It is no secret that the amount of goods coming from Burma has dwindled and that the new stones are considerably higher in price than in the past. Thanks to the internet, where word travels at light speed even to third world countries when a large stone sells at auction, the Burmese dealers know about it also. This causes them to probably overvalue the goods they have.

Jack Abraham, Precious Gem Resources, New York, New York, had a 37.89-carat, oval Burma sapphire at the AGTA show. The gem, which has an American Gemological Laboratory (AGL) Grading Report, has a rare 75 percent blue primary color, a 2.5/85 color/tone, and an excellent Total Quality Integration (TQIR). Its measurements are 18.85 by 17.16 by 13.22 mm; the depth is 77 percent. The stone is Moderately Included, but the inclusions are difficult to see because the stone is so saturated. The sapphire has good proportions and finish and high brilliancy. It is not heated and is not clarity enhanced. It is mounted with diamonds.


Recently discovered in Mozambique, Africa, a brand-new tourmaline rivals the colors of tourmaline from Paraiba, Brazil. The collector market has been in search of a new product since the Brazilian Paraiba has dwindled in size and availability. Although not as vivid as the original Brazilian material, the heated Mozambique colors are close.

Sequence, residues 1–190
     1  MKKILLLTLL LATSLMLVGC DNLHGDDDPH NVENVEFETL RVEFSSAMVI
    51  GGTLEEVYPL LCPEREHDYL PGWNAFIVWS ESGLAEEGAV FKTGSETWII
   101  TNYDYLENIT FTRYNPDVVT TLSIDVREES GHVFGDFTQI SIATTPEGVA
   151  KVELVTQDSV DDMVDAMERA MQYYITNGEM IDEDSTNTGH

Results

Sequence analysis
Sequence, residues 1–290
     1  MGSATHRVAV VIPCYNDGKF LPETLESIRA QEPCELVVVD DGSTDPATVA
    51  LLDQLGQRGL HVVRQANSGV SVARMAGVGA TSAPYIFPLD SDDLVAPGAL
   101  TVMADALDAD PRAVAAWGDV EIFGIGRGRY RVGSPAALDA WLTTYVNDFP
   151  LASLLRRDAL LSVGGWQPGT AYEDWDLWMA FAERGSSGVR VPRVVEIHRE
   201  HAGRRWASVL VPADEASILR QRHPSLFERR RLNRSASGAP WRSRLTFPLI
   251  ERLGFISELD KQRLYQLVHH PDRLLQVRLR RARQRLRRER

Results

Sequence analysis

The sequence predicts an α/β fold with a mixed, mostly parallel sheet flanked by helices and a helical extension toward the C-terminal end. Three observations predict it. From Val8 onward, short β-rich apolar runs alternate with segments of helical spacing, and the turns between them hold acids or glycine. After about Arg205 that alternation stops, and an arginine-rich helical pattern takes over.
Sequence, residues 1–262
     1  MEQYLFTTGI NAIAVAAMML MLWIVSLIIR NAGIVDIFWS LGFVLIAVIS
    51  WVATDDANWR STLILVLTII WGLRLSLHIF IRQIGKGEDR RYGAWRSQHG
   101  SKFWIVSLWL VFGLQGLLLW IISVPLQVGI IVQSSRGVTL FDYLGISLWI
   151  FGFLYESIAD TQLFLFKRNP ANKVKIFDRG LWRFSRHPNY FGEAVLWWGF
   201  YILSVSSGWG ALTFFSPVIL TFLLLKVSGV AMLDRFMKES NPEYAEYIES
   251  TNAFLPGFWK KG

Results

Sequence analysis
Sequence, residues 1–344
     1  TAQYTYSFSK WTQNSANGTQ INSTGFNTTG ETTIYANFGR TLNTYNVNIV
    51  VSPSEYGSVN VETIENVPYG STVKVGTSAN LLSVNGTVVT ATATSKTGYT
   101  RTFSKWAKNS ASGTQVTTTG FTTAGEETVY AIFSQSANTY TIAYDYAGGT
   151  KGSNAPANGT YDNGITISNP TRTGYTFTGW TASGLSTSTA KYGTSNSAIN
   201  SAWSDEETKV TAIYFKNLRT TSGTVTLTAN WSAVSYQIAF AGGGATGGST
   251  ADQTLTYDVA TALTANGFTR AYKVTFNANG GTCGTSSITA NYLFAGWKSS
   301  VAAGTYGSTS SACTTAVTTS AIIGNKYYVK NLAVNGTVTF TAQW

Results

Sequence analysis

The largest new Mozambique Tourmaline was a 76.91-carat square antique, modified brilliant. The stone was available at the AGTA Show from Barker and Company, Scottsdale, Arizona. The gem has an AGL Grading Report. The measurements are 25.31 by 24.89 by 18.39 mm. It is green blue in color. According to Barker, “the stone is unusual because it faces up green and upside down, it is blue.” Although not as fine as others seen at the show, the color would be the next tier down from the best. The stone is flawless, with superior cutting and high brilliancy. It was subjected to low/moderate heat. The price is $6,000 per carat or $461,460.


Spinel is considered a gem dealers’ stone because they tend to covet and desire the gemstone more than the public. Spinel prices have been increasing dramatically lately in Burma and old spinels are being taken back to Burma to be resold. Any gem red spinel from Burma over 3 carats has always been rare. You can count on your fingers the number of Burma gem red spinels over 10 carats, making this gem oval 12.86-carat, red/orange Burma spinel at the show noteworthy.

The gem has an AGL Grading Report. The stone, with a color grade of 3.5/70, is vivid red with a light tone. It is Lightly Included. Its measurements are 14.64 by 12.74 by 9.13 mm and its depth is 71.6 percent. The spinel has good cutting and finish and almost the brilliancy of a diamond. It has not been enhanced or clarity treated. It is owned by a private collector who simply wanted to display the stone.

Article from the Rapaport Magazine - May 2007. To subscribe click here.

Comment Comment Email Email Print Print Facebook Facebook Twitter Twitter Share Share
Comments: (0)  Add comment Add Comment
Arrange Comments Last to First